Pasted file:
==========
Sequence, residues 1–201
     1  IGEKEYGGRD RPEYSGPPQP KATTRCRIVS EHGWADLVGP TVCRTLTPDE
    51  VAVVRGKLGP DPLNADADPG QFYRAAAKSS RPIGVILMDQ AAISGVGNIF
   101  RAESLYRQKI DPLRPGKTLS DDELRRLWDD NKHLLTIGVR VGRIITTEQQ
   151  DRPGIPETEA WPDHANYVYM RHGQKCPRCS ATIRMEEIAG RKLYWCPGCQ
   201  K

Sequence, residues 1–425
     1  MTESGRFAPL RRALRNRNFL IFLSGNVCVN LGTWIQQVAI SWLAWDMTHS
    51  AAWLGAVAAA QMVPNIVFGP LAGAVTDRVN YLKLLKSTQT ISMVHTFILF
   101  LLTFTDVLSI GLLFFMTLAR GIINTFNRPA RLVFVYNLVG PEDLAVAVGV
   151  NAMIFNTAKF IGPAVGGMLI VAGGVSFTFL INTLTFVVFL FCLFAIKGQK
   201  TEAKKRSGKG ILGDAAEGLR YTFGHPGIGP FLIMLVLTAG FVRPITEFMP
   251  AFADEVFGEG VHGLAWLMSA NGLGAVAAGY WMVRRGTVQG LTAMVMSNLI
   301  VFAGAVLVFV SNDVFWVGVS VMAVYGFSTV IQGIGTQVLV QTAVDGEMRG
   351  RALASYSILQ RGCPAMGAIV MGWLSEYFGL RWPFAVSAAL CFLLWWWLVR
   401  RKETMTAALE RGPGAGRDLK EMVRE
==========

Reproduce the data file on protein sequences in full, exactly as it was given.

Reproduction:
Sequence, residues 1–201
     1  IGEKEYGGRD RPEYSGPPQP KATTRCRIVS EHGWADLVGP TVCRTLTPDE
    51  VAVVRGKLGP DPLNADADPG QFYRAAAKSS RPIGVILMDQ AAISGVGNIF
   101  RAESLYRQKI DPLRPGKTLS DDELRRLWDD NKHLLTIGVR VGRIITTEQQ
   151  DRPGIPETEA WPDHANYVYM RHGQKCPRCS ATIRMEEIAG RKLYWCPGCQ
   201  K

Sequence, residues 1–425
     1  MTESGRFAPL RRALRNRNFL IFLSGNVCVN LGTWIQQVAI SWLAWDMTHS
    51  AAWLGAVAAA QMVPNIVFGP LAGAVTDRVN YLKLLKSTQT ISMVHTFILF
   101  LLTFTDVLSI GLLFFMTLAR GIINTFNRPA RLVFVYNLVG PEDLAVAVGV
   151  NAMIFNTAKF IGPAVGGMLI VAGGVSFTFL INTLTFVVFL FCLFAIKGQK
   201  TEAKKRSGKG ILGDAAEGLR YTFGHPGIGP FLIMLVLTAG FVRPITEFMP
   251  AFADEVFGEG VHGLAWLMSA NGLGAVAAGY WMVRRGTVQG LTAMVMSNLI
   301  VFAGAVLVFV SNDVFWVGVS VMAVYGFSTV IQGIGTQVLV QTAVDGEMRG
   351  RALASYSILQ RGCPAMGAIV MGWLSEYFGL RWPFAVSAAL CFLLWWWLVR
   401  RKETMTAALE RGPGAGRDLK EMVRE